You can divide the French population in two camps: those who go on vacation in July, and those who skip town in August.
My own family was unequivocally juillettiste (August vacationers are called aoûtiens) so Bastille Day found us in the French Alps every year, crossing our fingers that the summer thunderstorms wouldn’t rain on our parade, quite literally.
These are the sweetest of childhood memories, the years blurring together into a single evening: the walk through the village carrying candle-lit lanterns, the fireworks, the stars in our young eyes, and the soft, unique feeling of being scooped up from the car fast asleep and carried into bed late at night.
As I became an adult, I soon lost the habit of celebrating le quatorze juillet: crowds make me anxious, and after a failed attempt to watch the Eiffel Tower fireworks from the heights of Montmartre (surprise, surprise, others had had the same idea), I pretty much gave up.
But now that I have kids, it’s different; now is the time their own childhood memories are formed (no pressure, right?). And as it turns out, my American friend and fab Pilates instructor* Emily recently moved into an apartment with a breathtaking view of the Eiffel Tower, and she threw a small party for some friends and their children to enjoy the fireworks**.
Dinner was assembled potluck-style, and the theme was “Typically French”.
I took me all of three seconds to decide what I was going to bring: nothing could be more quintessentially French than a cake salé — a quick bread. Cut into slices or cubes, they are a national fixture of our buffets, picnics, and other apéro spreads.
Now, I must make a confession: I often find other people’s too dry (sorry!), and have worked hard to perfect my own recipe to reach the Holy Grail of quick breads, one with a finely crisp crust and a fresh, moist texture that begs for another slice (and another).
(This is one of the cult recipes I included in Chocolate & Zucchini, my first cookbook, which I just released digitally in its French edition. If you read French, download Chocolate & Zucchini : Le Livre today to inspire your summer cooking!)
This quick bread formula can be used for endless combinations of ingredients, but the version I have adopted with great success since the beginning of summer — for this Bastille Day buffet, for the year-end party at my youngest’s daycare, and my eldest’s school fair — is garnished with feta cheese (the real kind, from Greece and made with sheep’s milk) and mixed fresh herbs.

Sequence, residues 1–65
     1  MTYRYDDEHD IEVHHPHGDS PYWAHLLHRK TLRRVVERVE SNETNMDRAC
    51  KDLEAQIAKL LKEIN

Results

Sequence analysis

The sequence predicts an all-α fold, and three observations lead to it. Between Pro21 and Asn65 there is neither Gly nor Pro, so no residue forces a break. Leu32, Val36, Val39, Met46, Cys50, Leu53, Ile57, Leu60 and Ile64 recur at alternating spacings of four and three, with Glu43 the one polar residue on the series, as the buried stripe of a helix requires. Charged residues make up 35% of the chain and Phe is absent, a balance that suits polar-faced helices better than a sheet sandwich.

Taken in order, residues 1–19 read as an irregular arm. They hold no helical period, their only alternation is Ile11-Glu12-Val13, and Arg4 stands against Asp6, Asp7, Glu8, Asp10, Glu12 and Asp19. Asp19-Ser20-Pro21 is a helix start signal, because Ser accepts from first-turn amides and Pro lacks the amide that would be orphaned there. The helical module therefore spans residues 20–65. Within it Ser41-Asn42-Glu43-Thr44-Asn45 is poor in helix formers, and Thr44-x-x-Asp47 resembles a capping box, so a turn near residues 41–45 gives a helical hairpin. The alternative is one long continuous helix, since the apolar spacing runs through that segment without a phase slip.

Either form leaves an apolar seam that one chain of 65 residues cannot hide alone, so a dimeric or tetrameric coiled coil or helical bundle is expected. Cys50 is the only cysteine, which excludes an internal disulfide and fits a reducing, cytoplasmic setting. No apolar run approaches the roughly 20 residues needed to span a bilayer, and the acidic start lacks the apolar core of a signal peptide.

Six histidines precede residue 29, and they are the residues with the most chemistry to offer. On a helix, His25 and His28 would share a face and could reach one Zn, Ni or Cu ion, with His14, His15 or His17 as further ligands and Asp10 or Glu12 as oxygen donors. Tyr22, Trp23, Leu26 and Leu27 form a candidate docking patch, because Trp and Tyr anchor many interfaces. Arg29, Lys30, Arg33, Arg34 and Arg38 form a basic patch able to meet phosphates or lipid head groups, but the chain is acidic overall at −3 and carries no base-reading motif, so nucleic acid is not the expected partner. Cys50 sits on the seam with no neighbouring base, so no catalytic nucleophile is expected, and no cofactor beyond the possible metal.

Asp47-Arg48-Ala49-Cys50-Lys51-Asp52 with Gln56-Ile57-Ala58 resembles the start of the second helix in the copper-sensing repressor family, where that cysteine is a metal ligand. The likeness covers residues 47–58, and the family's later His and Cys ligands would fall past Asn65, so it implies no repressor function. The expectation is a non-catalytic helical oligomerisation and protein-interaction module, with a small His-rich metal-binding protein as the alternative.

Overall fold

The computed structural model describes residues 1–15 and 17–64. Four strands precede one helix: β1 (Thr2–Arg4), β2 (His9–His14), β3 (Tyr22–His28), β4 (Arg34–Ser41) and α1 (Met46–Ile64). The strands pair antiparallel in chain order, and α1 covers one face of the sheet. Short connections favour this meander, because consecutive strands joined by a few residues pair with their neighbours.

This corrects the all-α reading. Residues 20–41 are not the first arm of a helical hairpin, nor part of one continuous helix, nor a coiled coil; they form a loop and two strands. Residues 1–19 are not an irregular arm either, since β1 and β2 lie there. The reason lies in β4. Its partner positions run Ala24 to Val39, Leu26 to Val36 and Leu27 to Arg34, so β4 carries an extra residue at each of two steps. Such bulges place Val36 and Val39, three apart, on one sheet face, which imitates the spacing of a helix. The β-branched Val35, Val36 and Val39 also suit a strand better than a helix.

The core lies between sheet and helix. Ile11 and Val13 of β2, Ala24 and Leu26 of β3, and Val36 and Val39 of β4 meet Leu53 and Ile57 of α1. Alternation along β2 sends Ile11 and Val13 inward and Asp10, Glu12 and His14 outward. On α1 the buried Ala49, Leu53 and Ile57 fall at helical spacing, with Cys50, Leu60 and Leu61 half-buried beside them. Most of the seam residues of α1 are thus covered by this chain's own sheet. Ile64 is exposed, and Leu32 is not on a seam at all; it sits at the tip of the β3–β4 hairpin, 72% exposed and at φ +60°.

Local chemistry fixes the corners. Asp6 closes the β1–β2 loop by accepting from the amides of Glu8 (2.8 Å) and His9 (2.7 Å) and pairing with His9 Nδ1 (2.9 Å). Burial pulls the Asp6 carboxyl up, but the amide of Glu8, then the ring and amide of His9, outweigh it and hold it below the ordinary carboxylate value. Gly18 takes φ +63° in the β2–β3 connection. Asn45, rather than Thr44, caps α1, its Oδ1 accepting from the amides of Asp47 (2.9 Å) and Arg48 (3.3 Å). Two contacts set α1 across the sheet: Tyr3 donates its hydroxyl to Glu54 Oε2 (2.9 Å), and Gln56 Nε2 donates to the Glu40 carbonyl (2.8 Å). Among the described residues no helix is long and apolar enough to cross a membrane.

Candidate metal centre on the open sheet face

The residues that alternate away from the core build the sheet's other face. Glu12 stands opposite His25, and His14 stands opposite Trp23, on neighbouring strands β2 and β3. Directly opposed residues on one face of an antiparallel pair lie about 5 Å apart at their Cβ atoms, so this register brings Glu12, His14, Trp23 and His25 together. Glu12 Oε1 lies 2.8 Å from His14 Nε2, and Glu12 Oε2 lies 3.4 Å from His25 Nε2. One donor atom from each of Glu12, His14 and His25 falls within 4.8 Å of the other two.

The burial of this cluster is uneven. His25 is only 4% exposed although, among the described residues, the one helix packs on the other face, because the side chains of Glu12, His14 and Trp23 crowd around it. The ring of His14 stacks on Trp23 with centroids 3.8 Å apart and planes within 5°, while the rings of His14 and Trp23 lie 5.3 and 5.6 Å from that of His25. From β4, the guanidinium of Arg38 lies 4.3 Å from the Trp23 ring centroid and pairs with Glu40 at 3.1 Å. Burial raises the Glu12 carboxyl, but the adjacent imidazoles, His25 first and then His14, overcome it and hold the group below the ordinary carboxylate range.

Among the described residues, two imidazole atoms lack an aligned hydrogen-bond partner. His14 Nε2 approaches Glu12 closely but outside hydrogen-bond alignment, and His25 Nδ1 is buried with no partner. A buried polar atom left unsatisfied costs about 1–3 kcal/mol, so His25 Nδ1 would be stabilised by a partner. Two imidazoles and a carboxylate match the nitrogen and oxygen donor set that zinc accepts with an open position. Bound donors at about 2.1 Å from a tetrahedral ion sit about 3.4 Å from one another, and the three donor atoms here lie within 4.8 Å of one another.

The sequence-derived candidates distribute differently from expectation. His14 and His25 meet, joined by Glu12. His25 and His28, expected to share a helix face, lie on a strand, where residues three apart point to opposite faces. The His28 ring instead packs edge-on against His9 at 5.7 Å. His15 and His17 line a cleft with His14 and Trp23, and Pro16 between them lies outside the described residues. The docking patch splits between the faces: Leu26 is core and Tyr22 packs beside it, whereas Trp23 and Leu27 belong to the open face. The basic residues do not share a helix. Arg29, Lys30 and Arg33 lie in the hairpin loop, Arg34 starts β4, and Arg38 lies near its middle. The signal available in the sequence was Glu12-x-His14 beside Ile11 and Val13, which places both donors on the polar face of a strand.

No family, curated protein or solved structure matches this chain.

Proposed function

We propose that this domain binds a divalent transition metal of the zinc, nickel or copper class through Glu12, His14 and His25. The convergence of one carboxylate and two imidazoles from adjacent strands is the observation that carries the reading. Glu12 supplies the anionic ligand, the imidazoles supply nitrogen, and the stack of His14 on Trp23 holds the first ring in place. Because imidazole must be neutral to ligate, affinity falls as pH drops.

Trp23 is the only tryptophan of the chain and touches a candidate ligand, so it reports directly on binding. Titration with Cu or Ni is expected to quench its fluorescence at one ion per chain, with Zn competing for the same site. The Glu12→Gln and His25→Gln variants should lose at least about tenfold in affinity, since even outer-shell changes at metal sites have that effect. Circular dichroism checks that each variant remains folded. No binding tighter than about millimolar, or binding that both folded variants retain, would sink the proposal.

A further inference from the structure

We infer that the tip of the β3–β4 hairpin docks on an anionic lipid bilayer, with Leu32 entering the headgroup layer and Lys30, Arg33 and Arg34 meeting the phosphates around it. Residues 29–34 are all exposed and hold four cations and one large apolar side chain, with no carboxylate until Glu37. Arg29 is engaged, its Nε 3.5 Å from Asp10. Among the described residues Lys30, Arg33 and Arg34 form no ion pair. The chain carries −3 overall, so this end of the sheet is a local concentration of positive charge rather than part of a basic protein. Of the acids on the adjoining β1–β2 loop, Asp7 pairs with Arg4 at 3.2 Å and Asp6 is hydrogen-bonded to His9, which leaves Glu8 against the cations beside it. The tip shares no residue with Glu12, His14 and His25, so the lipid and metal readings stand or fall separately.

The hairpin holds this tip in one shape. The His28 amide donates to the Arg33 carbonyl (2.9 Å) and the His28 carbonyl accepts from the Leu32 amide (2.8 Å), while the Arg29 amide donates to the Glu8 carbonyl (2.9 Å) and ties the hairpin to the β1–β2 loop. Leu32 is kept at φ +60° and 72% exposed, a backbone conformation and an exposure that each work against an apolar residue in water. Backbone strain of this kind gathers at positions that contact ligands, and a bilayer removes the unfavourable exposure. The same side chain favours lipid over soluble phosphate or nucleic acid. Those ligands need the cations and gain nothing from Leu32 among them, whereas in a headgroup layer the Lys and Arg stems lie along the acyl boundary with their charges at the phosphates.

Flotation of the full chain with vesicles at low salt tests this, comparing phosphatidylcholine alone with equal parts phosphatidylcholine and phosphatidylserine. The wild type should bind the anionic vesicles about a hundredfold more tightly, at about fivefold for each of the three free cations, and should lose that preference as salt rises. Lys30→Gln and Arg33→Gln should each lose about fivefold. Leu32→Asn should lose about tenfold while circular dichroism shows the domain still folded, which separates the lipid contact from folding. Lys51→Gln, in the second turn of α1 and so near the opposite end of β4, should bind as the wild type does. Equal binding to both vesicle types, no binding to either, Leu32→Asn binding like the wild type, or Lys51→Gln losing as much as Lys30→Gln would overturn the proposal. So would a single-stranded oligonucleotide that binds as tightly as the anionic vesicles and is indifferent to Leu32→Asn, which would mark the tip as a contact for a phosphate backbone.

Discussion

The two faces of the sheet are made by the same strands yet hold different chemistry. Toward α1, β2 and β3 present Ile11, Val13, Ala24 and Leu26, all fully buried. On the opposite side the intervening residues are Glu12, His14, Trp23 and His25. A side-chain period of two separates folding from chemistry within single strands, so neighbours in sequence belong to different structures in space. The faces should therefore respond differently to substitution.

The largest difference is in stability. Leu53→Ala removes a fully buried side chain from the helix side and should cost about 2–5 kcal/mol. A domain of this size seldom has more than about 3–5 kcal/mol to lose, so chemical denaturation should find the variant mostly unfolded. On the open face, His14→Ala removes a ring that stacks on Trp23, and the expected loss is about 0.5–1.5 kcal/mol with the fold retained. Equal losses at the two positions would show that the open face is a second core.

My feta and fresh herb quick bread joined the others’ contributions on the coffee table in Emily and Bruno’s living room (from which small hands quickly grabbed breadsticks and filched saucisson slices) and soon enough, only crumbs remained.
This is a must-have recipe for your repertoire, and I recommend you take the basic formula and run with it, garnishing with your own flavor pairings. What will you dream up?
* Every summer, Emily offers a Pilates challenge, a short series of moves to do every day at home, on vacation, anywhere, to feel good and energized! All the details are here. Join us, will you?
** Obviously, the taste of that evening changed dramatically in the morning when we learned about the horrifying events that had taken place simultaneously in Nice. My thoughts and solidarity go to those who have been affected by this, or any act of terrorism throughout the world.
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- A pat of unsalted butter
- 2 tablespoons sesame seeds
- 150 grams (1 1/4 cups) all-purpose flour
- 1 tablespoon baking powder
- 3 large organic eggs
- 60 ml (1/4 cup) olive oil
- 150 grams (1/2 cup plus 2 tablespoons) plain unsweetened yogurt
- 1/2 teaspoon fine sea salt
- 1/2 teaspoon freshly ground pepper
- 200 grams (7 ounces) sheep's milk feta cheese (substitute goat cheese)
- 1 bunch fresh herb leaves (flat-leaf parsley, basil, chervil, chives, mint, preferably a mix), about 20 grams or 1 cup loosely packed, roughly chopped
- Preheat the oven to 175°C (350°F).
- Butter a 24-by-12-cm (9-by-5-inch) loaf pan and sprinkle half the sesame seeds onto the bottom and sides, shaking the pan to coat.
- Combine the flour and baking powder in a bowl.
- In a medium mixing bowl, whisk together the eggs, oil, yogurt, salt, and pepper. Stir in the cheese and herbs.
- Fold the flour mixture into the egg mixture. Don’t overmix the batter, it’s okay if a few lumps remain.
- Pour the batter into the prepared pan, level the surface with a spatula, and sprinkle with the remaining sesame seeds.
- Put into the oven to bake for 40 to 50 minutes, until the loaf is golden and a knife inserted in the center comes out clean.
- Allow to cool for a few minutes and run a knife around the pan to loosen. Unmold and transfer to a rack to cool.
- Cut in slices or cubes just before serving, slightly warm or at room temperature.
- The bread can be made a day ahead. Wrap tightly and keep in the fridge.
- I like to prepare it halfway the day before: I measure and mix the dry ingredients in one bowl, and the wet ingredients in another, which I cover and refrigerate. The next day, all that's left to do is combine the two and bake.
- The recipe calls for a 5 x 9 inch loaf pan as this is the US standard and I don’t want people to go out and buy a different size pan just for this recipe. However, in the photos I used a pan that is the French standard and it indeed longer in shape. It is 10 by 30 cm, which is about 4 x 12 inch.